This workshop will explore local and global networks of circulation for literary and political writing produced by black authors, editors and readers, and will showcase the rich resources in Newcastle University’s archives on black print networks in Africa, Britain and the Caribbean. We will look at how colonial-era networks were established locally and allowed the circulation of ideas about anti-colonialism and literary production through “print mobility,” that is, the dissemination of newspapers, magazines, and pamphlets across black transcontinental and transatlantic readerships.
Periodicals and pamphlets, with their wide circulation, were often subject to censorship (especially if they espoused anti-colonial ideas), but at the same time allowed for the creation of reading publics and counter-publics. At the core of the workshop is the question: to what extent should our
understandings of black counter-publics, transcontinental networks, and “world” literatures more generally, be filtered through the prism of the “local”? We are interested in how diverse conceptualisations of political writing and “literary value” evolved in local contexts, and what happens to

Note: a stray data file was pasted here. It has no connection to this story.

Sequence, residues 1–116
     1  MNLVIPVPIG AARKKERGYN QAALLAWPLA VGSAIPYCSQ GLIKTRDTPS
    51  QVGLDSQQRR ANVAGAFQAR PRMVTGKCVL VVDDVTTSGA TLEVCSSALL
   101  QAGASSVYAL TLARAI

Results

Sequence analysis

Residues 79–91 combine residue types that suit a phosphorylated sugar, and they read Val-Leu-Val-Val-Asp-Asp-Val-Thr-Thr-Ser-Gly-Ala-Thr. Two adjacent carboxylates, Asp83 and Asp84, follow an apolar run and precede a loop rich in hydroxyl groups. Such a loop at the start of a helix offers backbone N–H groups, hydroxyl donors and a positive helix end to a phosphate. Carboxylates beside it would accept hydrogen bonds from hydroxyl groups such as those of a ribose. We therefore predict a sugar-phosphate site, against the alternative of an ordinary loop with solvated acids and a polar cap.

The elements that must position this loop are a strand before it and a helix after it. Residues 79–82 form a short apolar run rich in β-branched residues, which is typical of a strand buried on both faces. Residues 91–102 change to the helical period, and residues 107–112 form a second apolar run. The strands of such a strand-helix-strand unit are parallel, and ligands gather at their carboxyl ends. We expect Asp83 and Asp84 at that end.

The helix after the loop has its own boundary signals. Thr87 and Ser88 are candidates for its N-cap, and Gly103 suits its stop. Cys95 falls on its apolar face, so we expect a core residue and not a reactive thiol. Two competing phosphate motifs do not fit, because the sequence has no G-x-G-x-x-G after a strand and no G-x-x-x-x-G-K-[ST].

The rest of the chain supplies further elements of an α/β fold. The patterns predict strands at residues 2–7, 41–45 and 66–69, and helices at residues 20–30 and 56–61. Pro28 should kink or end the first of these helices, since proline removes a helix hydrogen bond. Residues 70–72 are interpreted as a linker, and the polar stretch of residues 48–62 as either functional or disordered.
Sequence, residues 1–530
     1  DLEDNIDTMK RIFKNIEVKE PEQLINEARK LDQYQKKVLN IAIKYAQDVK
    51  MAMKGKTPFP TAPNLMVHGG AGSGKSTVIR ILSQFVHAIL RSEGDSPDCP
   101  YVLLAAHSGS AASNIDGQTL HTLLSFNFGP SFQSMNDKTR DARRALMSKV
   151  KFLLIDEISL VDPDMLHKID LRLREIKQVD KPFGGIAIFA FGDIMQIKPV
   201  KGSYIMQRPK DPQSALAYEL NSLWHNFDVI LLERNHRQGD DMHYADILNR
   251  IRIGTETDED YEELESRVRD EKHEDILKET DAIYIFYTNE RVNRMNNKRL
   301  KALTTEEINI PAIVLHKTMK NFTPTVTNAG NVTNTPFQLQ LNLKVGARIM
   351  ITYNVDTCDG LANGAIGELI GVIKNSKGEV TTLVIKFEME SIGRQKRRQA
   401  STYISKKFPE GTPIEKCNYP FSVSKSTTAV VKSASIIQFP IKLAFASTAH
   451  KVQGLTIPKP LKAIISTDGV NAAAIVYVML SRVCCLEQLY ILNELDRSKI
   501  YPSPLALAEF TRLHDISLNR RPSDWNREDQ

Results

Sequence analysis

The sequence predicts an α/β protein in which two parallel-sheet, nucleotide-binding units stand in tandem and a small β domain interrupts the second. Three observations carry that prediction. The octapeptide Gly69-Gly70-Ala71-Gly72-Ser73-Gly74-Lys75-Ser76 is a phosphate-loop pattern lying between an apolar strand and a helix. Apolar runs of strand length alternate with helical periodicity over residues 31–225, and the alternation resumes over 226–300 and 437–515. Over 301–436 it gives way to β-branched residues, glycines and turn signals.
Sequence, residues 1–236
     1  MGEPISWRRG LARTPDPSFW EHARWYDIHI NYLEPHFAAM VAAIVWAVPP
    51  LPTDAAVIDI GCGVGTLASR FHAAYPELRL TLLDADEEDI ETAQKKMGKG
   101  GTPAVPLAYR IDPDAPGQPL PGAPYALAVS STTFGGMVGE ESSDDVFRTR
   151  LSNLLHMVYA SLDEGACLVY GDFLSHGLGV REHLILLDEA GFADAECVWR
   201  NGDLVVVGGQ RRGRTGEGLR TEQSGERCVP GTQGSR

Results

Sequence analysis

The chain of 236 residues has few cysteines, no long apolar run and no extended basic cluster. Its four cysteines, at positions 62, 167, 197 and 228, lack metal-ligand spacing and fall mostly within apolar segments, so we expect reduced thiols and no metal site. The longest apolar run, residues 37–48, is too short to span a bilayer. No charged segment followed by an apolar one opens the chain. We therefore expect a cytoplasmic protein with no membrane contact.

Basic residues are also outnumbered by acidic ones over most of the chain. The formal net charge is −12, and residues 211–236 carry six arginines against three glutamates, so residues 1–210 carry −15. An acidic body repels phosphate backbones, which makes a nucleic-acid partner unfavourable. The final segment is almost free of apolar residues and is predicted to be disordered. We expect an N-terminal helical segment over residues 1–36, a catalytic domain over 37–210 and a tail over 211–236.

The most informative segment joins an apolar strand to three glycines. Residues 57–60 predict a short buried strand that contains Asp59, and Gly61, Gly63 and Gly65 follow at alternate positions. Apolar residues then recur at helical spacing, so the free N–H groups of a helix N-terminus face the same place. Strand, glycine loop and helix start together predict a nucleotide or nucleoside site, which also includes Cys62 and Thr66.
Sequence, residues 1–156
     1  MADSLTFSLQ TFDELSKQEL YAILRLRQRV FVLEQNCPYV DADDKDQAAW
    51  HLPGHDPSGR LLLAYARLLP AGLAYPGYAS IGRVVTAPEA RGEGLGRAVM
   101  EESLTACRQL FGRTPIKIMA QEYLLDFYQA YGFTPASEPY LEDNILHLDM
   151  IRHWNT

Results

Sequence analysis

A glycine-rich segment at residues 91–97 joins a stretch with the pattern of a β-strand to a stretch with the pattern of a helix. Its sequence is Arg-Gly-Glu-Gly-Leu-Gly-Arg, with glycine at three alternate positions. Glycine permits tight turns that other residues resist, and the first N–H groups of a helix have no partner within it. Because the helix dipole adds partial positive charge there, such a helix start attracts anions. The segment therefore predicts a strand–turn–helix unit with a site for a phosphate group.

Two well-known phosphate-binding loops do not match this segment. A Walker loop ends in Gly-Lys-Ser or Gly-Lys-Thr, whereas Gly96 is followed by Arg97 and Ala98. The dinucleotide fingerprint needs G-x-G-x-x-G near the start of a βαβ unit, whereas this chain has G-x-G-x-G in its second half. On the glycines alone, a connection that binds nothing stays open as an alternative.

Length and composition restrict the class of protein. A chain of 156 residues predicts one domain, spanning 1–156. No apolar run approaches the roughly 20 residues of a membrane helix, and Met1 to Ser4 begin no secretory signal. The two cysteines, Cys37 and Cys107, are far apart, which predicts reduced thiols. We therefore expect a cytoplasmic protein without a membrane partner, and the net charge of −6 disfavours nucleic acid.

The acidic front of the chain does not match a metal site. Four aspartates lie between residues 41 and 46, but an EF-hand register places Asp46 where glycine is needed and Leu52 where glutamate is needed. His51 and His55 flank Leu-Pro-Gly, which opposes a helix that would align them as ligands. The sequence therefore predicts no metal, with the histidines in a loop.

notions of literature when we ground them in the locales and ephemeral materiality of newsprint.
Wednesday 10th June 1pm-5pm, Archive Research Skills Workshop for PhD students; Thursday 11th June 9am-5:30pm & Friday 12th June 9am-2:30pm, Print Mobilities: Black Periodicals and Local Publications, 1880-present.
Plenary speaker: Professor Kwame Dawes
Keynote speakers: Dr Leslie James, Dr Ranka Primorac, Dr Jack Webb